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Scientists are looking for a new way to make antivenom and a new study poked some holes in a diagnostic test by making volunteers drink their own blood.

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It’s tempting to think that doctors are on the cutting edge of medical science, but some advancements take a while. Like this week, a paper was published in Nature Communications that announced progress toward a more effective antivenom for the super toxic black mamba.

This snake’s venom has a few kinds of potent neurotoxins that act in the bloodstream and mess up the nervous system. Without treatment, a bite from one of these danger noodles can cause drowsiness, stopped breathing, and paralysis, eventually resulting in death in as little as half an hour. Now, the antivenoms that we currently have neutralize toxins by binding antibodies to them, making them harmless.

These antivenoms are made by injecting a bit of black mamba venom into large animals, usually horses, so their immune systems develop antibodies for the toxins. Then, we extract their blood plasma, process it with a variety of chemicals and filters, and there’s a treatment. But there are some side effects that researchers are trying to cut down on, like nausea, low blood pressure, skin rashes, or swelling.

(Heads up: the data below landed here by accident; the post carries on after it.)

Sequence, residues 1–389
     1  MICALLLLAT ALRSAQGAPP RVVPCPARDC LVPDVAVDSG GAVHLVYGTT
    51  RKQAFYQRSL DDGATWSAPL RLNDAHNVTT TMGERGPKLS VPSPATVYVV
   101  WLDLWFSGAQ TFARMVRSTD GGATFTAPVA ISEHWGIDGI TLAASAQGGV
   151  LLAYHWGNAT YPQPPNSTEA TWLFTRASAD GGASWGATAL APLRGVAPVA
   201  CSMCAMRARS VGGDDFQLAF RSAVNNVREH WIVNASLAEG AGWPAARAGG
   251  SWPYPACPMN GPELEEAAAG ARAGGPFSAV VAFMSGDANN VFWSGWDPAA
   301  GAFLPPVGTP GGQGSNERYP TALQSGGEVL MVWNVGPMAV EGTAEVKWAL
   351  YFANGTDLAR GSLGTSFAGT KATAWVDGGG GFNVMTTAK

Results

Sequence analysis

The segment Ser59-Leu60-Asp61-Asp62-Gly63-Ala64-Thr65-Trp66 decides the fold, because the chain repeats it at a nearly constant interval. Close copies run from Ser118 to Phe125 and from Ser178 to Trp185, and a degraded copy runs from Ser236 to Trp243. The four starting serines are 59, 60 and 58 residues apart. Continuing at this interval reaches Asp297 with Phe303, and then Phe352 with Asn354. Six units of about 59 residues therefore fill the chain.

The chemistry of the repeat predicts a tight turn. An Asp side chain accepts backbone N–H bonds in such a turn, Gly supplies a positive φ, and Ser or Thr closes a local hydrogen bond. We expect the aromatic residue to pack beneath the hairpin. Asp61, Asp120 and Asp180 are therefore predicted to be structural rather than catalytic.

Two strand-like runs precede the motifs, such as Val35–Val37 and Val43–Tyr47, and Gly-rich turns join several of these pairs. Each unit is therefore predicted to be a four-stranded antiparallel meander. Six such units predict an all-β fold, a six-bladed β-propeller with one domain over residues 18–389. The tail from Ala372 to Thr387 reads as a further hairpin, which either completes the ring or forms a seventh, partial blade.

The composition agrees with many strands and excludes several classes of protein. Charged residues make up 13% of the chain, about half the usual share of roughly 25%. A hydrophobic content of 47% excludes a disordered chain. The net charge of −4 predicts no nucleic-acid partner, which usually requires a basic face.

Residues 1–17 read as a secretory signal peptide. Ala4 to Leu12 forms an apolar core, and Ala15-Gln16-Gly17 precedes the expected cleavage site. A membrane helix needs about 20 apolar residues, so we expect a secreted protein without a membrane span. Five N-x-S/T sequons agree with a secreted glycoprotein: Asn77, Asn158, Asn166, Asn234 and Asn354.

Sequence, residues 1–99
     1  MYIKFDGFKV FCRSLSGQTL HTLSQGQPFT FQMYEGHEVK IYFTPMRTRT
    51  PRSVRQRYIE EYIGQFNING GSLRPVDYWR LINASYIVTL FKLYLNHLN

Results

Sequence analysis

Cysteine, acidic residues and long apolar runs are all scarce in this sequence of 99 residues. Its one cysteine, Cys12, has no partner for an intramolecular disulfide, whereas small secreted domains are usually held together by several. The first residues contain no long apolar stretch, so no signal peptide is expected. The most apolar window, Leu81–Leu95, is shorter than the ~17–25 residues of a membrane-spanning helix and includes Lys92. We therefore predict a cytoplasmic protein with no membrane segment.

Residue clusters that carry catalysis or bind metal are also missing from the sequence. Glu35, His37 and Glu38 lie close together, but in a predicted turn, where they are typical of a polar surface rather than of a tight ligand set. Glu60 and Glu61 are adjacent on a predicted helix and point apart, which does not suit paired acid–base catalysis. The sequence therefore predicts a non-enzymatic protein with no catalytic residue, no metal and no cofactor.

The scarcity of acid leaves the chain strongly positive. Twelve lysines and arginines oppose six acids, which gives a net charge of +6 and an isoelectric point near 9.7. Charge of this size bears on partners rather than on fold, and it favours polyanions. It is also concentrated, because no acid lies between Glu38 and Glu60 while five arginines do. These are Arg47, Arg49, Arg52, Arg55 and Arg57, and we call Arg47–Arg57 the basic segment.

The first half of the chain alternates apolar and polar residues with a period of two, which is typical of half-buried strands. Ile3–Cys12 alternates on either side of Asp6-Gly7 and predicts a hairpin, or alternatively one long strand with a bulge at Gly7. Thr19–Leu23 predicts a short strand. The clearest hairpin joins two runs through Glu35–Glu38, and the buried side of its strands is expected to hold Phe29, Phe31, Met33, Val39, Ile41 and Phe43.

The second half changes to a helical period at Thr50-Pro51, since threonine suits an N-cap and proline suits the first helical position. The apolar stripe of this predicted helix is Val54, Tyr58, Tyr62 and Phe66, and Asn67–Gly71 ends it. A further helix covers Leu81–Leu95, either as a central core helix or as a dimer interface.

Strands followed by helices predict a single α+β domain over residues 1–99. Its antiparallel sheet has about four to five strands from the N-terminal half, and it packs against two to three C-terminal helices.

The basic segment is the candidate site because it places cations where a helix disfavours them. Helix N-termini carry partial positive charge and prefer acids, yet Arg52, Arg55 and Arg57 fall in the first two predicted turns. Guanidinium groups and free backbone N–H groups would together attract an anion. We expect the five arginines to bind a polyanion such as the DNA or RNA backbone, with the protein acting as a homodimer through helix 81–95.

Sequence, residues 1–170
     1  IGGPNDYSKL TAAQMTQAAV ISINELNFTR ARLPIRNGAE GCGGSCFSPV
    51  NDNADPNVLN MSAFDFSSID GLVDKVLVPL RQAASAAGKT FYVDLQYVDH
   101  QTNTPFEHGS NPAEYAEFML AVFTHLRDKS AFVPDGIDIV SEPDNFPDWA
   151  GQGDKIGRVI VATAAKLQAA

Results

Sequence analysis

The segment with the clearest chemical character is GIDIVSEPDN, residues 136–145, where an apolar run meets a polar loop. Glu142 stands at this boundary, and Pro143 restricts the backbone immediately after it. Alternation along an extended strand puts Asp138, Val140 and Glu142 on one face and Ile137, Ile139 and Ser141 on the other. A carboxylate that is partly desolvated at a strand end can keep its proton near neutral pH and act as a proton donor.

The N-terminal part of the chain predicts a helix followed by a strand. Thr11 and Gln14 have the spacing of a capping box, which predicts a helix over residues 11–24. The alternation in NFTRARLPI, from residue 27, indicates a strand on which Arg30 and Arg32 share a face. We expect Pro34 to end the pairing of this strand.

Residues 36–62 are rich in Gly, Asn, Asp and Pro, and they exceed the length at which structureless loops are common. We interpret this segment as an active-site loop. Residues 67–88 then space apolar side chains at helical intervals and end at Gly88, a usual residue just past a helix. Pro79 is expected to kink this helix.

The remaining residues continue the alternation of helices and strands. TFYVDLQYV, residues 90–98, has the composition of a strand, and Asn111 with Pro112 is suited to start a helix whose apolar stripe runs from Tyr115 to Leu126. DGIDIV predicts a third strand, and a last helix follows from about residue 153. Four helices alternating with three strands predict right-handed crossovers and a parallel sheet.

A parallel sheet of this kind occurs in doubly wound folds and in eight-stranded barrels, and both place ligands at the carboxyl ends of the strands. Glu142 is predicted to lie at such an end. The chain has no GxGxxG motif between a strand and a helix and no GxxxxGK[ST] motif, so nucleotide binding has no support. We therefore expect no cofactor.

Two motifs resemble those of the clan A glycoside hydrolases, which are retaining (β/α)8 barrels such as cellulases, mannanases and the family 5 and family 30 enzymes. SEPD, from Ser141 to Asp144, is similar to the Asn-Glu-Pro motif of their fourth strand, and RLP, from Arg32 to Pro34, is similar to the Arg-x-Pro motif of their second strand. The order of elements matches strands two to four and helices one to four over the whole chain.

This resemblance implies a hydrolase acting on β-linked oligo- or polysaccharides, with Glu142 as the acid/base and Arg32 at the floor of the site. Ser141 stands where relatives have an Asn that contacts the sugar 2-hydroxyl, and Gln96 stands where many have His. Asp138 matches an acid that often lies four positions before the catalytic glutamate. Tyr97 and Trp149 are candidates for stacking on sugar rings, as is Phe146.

I mean, if you succeed at not dying, it’s probably a price you’re willing to pay. As of now, researchers still aren’t totally sure what causes the side effects. But they hope that antibodies derived from humans will be more compatible with our immune systems and reduce them.

And recently, scientists tested different treatments in mice. They injected mice with either isolated neurotoxins or complete black mamba venom, and either individual human antibodies or combinations of a few. They found out two big things from all these experiments.

The first is that human antibodies can effectively neutralize at least some lethal neurotoxins inside of a living animal. And the second is that antivenoms that used multiple types of antibodies were more effective. In the end, the most effective cocktail involved three specific human antibodies.

It could protect against typically lethal doses of venom, even when everything was injected straight into mice brains. Now, this kind of study is a proof of concept. Researchers still have to do more work and make sure enough toxins are neutralized with these antivenom mixtures to prevent death.

So we’re not about to jump into human trials, but it’s a start. While medical researchers are always searching for ways to treat diseases, they’re also coming up with better ways to find diseases. And sometimes, they can get a little creative.

One study that really stepped it up is currently making the news online. It’s actually called “The Vampire Study” and was published this past August in the United European Gastroenterology Journal. These researchers were trying to learn more about how to test for Inflammatory Bowel Disease, or IBD.